Gr 7 UpComposed of artistic submissions by middle and high school students, this book is a knockout. The content is often heavy with the weight of adult situations that these young people face. Such is our world. Yet the literary work, compositionally, is aesthetically lovely and filled with the candor of youth. “Living Like That” offers a take on the confused emotional state of growing up in and out of war-torn Jerusalem, while “I Kept Looking” is a reflection on the effects of living through the trauma of 9/11. This book will be well used as peer examples, motivating students to step up and celebrate their own artistic talents. As one young writer puts it, “Reading a well-written book sometimes puts me into a state removed from the larger reality but awed by what I just finished.”Alison Follos, North Country School, Lake Placid, NY VOYA Award-winning work from today's young adults should come as no surprise, but here is a collection that catches the reader through its competence and impact. The nearly sixty entries of essays, stories, and poetry along with photography and art range from tragic to wistful, contemporary teen oeuvre to picturing the sensitive kids one wishes that they all could be. The middle and high school authors and artists are winners of the 2002, 2003, and 2004 Scholastic Art & Writing Awards. They clearly reflect the diversity of lives and lifestyles of today's young adults. The writers respond to the deaths of friends, families, strangers; they remember childhood indiscretions; they present the simplest and most complex of life events. As the editor states, these authors and artists are engaged in the world around them. . . . They have both insight and the ability to convey this insight. Some of the writing is raw and shocking, depicting a world one wishes that they did not see, but the authors' perceptions and reactions allow the reader to believe that there will be a befitting future. Other selections reveal feelings that have grown older and wiser through experience. The visual artists blend reality and imagination with emotion, letting each viewer take what they will-as all art does. Readers will be able to identify with these stories-if not for themselves, then for people they have known. They are likely to spend some time thinking about them. This collection would be an excellent model for writing classes.-Patricia Morrow.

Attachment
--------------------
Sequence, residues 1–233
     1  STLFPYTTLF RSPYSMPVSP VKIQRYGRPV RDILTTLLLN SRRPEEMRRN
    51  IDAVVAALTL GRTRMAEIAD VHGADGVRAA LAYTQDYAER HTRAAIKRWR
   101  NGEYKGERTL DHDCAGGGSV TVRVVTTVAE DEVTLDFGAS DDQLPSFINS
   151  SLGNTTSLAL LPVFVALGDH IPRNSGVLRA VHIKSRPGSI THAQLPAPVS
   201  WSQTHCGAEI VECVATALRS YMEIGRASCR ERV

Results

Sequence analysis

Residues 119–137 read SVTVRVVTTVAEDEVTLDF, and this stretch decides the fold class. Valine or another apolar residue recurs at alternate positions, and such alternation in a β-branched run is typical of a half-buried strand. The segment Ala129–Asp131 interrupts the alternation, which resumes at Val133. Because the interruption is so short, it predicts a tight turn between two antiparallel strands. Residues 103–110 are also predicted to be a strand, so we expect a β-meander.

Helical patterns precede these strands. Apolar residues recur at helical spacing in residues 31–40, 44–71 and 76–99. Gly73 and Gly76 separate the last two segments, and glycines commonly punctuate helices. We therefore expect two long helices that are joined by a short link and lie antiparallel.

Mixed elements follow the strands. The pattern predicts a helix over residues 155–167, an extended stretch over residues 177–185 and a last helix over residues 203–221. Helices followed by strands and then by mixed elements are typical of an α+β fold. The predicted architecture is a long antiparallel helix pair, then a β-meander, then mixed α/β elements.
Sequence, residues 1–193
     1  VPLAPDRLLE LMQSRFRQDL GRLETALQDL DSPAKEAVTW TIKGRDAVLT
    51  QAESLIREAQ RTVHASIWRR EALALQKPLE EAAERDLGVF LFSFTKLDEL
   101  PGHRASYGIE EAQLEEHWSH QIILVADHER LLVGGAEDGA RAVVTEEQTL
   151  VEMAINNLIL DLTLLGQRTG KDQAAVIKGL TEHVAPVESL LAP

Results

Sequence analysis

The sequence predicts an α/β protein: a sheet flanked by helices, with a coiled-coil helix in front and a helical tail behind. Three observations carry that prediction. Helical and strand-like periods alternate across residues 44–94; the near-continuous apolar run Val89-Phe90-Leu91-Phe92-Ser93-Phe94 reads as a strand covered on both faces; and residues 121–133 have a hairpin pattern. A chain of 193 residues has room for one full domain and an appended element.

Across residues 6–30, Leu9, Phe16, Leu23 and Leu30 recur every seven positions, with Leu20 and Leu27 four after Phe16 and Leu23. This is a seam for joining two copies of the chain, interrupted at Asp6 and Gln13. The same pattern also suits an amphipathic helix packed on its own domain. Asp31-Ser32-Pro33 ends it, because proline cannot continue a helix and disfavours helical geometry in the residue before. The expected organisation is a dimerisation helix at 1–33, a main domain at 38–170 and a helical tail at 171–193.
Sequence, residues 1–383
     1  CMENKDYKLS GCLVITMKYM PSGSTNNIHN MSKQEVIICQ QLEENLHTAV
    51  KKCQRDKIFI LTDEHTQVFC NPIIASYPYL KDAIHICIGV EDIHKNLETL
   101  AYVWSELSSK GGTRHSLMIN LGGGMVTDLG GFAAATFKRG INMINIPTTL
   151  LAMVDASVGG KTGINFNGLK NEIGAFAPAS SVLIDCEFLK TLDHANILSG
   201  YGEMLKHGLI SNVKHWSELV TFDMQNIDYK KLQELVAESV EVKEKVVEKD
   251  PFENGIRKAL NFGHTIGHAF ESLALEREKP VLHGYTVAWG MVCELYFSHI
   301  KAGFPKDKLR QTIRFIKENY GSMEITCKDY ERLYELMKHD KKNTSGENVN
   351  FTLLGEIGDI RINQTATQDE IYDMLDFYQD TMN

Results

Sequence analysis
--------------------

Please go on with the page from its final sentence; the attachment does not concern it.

Kliatt Olivia Durant (KLIATT Review, January 2006 (Vol. 40, No. 1))
The work of several winners of the 2002-2004 Scholastic Art & Writing Awards is collected here in one volume. The writers are all students in middle school and high school. Among the poetry, stories, essays, and art, the reader will quickly discover that no two teens are alike. Though they have many of the same concerns and questions, they all have distinct voices, showcased nicely in this collection. There is something for everyone among the selections, and some pieces show great talent. One particularly fine story, entitled "Lifethreads," tells the tale of Analya, who grows up in a society similar to the one in Lowry's The Giver, or Tamora Pierce's Circle of Magic series. She has a talent for weaving, and is trained in its intricacies, not yet realizing that her weaving magic can decide whether someone lives or dies. The essay, "What Cancer Meant," is a heartbreaking yet uplifting work about a young woman's father dying of cancer, and how they are able to connect after he dies. Teens will enjoy reading the writings of others their own age. The authors come from many different cultures and parts of the US, making this a truly diverse body of work. This collection is recommended for public and school libraries,